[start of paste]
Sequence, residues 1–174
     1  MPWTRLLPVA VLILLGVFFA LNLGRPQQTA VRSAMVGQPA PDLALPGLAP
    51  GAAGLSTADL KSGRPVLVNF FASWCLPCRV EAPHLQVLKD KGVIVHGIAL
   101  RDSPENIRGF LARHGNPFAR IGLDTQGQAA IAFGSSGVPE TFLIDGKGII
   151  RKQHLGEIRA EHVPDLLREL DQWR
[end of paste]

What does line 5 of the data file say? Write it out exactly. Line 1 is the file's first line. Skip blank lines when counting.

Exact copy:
   151  RKQHLGEIRA EHVPDLLREL DQWR